My main problem with rapid detox is that it plays into a common mistake made by addicts-- thinking that the immediate withdrawal is the 'hard' part of getting clean. In reality, addicts who have been at it for awhile learn that they can get clean-- the problem is STAYING clean. Before my 'awakening' I was one of those people. When I was sick, I could remember how much I hated being addicted, and I could stay away from opiates for a couple weeks. It was after I started feeling good that I would relapse. That was maddening for me and for people who cared about me; they bought into the idea that the withdrawal kept me addicted, but after I was feeling better, why on Earth would I use?!

This situation is another of the frustrations I have with the people who are 'anti-sub' (as I write about anti-sub people I always wonder why they even exist; if they are truly doing better without Suboxone, why aren't they getting on with their lives?!). They miss the boat when they focus on the relatively small challenge of detoxing off Suboxone. Yes, there is some withdrawal, but that is NOT the main problem with staying clean-- the problem is trying to avoid picking up later on. Every opiate addict says 'THAT won't be a problem, doc!' But the vast majority of those people relapse. How many? Almost all of them. I will leave it to people to argue over whether I am exaggerating, but I am being as honest in this description as I can, based on what I see. For example, I have seen many addicts in their early 20's; many times, especially over 3 years ago, they would say that they don't want to take a 'long term medication', and wanted to 'get life back to normal.' I sent some to treatment (the few who would go), and others went off with plans to go to meetings. NONE got 'clean.' Four died; two by overdose, and two by suicide-- the only suicides by people I have treated as a psychiatrist. I was not actively seeing the ones who died; they all had left care at some point, assuring me that they could 'do it on their own.' I followed up after reading their obituaries or being contacted by their family members.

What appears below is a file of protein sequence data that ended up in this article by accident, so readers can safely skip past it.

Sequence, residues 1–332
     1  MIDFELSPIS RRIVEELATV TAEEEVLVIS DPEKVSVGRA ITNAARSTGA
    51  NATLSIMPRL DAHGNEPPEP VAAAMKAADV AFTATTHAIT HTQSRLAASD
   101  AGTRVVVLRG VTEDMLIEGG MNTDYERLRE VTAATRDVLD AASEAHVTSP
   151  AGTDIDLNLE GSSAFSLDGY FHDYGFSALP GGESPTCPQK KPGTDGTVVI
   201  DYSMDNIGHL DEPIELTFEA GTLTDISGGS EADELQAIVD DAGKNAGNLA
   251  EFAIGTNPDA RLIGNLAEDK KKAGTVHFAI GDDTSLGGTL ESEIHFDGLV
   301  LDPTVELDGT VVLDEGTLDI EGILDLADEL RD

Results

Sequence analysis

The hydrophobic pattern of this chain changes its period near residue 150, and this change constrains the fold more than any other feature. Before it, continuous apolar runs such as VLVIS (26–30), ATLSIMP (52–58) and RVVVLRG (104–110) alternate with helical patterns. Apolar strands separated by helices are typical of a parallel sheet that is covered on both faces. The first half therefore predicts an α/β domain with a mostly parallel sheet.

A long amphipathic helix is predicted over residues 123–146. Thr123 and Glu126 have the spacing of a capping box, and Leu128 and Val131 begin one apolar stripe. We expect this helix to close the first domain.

There have been several deaths in the state of WI that were related to buprenorphine; in each case there was a combination of 1. lack of opiate tolerance; and 2. use of other respiratory depressants. In Milwaukee County over the past 6 years there were 1200 overdose deaths, 2 related to buprenorphine.

Other problems with rapid detox: the body can only get back to normal opiate tolerance at a certain speed. Filling receptors with an antagonist STARTS the process quickly, but it takes weeks for the sickness to go away. Naltrexone does not relieve the craving for opiates, which is very intense-- especially if the person is not in a recovery program.

I have to run-- I'd just say to avoid buying into some of the anti-sub garbage. It is NOT a great way to get rich in medicine; there are far easier ways, than working with addiction-- that is why so few docs work with buprenorphine, at least in my part of the world. The good docs are the ones, in my opinion, who keep people on the medication for a long period of time-- at LEAST a year. People write things like 'Suboxone is OK only if used short-term'-- that shows that the person knows nothing about actually treating addiction, as studies have clearly showed that such use has a very, very low rate of success. The way to make money, I suppose, would be to keep seeing, inducing, and discharging people... but that would not be good medicine.

Take care--

JJ


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PostPosted: Wed Apr 07, 2010 12:16 pm